December 02, 2022

How Does Heat Affect Blood Pressure?

woman with high blood pressure enjoying warmer weather

Whether the temperatures are rising where you live or you’re taking a wintertime trip to a warmer climate, it’s important to understand the effect of heat on blood pressure. That way, you can take steps to help your body manage your blood pressure properly. 

Heat and High Blood Pressure

If you have high blood pressure, warm temperatures can affect you in multiple ways. Blood pressure tends to be higher in cold weather due to the constriction of blood vessels as the body attempts to retain heat. The opposite is true in warm weather — blood pressure typically is lower. 

That’s good if you have high blood pressure. However, there are also certain negative relationships between high temperatures and high blood pressure. For example, some hypertension medications increase sun sensitivity. As a result, you have a higher risk of sunburn and a condition called photosensitivity, which is a reaction that can cause skin blisters or a rash.

Also, you can experience dizziness, fainting, or falls if the heat-related lowering of your blood pressure happens too quickly.  

Additional Cautions About High Blood Pressure and Hot Weather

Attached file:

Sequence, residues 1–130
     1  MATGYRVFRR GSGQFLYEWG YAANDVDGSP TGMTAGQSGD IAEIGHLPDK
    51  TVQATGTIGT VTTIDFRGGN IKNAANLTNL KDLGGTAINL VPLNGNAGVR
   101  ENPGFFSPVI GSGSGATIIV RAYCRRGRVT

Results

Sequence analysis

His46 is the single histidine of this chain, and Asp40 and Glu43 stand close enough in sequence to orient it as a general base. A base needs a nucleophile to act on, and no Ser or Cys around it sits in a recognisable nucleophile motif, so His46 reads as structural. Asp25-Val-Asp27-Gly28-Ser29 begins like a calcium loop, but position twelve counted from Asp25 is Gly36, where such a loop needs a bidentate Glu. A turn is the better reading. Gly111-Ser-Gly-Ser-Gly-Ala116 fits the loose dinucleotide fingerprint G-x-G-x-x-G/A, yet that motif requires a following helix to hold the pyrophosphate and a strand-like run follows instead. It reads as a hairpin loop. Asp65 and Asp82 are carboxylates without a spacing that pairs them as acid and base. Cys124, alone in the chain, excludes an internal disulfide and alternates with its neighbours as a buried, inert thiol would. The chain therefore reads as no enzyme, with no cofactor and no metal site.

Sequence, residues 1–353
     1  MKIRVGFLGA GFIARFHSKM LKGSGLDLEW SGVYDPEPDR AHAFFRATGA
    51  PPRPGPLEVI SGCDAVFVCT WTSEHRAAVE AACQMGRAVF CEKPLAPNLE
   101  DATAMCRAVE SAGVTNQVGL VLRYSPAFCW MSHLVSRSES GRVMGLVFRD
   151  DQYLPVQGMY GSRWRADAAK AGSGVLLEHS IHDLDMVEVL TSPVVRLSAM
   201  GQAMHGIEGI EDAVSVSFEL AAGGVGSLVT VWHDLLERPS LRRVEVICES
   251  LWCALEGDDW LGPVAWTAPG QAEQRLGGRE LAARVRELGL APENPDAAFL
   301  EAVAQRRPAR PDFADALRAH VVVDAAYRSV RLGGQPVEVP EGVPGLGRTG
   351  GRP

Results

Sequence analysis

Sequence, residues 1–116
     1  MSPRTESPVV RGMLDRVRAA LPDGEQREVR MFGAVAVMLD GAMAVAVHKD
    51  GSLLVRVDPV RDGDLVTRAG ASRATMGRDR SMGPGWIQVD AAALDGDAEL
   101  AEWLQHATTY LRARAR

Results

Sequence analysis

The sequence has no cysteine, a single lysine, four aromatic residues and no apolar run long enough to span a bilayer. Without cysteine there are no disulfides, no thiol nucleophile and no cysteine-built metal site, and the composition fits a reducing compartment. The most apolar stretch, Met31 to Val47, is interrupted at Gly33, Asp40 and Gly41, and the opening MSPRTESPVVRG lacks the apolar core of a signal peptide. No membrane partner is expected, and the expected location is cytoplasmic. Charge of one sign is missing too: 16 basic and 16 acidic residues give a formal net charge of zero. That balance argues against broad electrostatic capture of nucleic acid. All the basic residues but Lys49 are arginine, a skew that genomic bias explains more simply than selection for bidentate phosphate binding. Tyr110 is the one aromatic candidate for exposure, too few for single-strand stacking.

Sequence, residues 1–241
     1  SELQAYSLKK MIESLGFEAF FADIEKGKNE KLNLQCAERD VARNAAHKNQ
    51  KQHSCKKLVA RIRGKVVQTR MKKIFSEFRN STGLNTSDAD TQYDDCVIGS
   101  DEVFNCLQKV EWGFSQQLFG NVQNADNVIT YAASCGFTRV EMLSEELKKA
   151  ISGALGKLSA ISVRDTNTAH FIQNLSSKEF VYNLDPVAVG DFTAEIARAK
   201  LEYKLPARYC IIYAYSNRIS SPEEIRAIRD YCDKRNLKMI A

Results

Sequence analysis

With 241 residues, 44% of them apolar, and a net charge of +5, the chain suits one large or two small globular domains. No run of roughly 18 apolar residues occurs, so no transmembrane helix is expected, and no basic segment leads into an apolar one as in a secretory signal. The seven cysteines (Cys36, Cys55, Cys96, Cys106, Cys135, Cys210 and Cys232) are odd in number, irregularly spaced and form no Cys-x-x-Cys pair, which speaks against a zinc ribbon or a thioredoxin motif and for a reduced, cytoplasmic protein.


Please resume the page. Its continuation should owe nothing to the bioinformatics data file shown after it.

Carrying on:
If you have high blood pressure, you should also be aware that heat can cause other issues, particularly when combined with humidity above 70%. These symptoms develop because your body is working hard to cool itself through changes like increased blood flow to the skin and sweating. 

These responses help you radiate more heat to the environment, reducing your body temperature. But it’s crucial to note that they also increase your risk of dehydration.

You should take action to cool yourself if you experience any of these signs:

  • Disorientation or confusion
  • Nausea
  • Excessive sweating or notable lack of sweating
  • Fatigue
  • Dizziness or lightheadedness
  • Fast pulse
  • Cold, moist skin
  • Headache
  • Muscle spasms or cramps
  • Swelling in your extremities

If you experience more than a few of them, you should seek immediate medical attention. You should also monitor loved ones for these symptoms, especially if they:

  • Are 50 or older
  • Are overweight
  • Have heart, lung, or kidney problems

Tips for Avoiding Issues with Blood Pressure and Hot Weather

If you’re vulnerable to high temperatures, you should take action to keep your body from overheating. That includes

  • Drinking plenty of hydrating fluids
  • Avoiding sun exposure, especially during the hottest part of the day
  • Having a healthy diet
  • Applying sunscreen
  • Avoiding strenuous activities
  • Easing into outdoor activities gradually
  • Wearing a breathable hat that shields your head from the sun but allows heat to escape

Talk with Your Doctor About High Temperatures and High Blood Pressure

Spending time outside on a warm, sunny day can be pleasant. But for people with high blood pressure and other health conditions, it can also be dangerous. 

Be aware of the risks and take steps to protect yourself and your loved ones from the adverse effects of hot weather and high humidity. 

If you have questions about your heat-related health risks, your Baptist Health primary physician or heart care specialist is happy to answer them. If you don’t have a doctor, you can find one using our online provider directory

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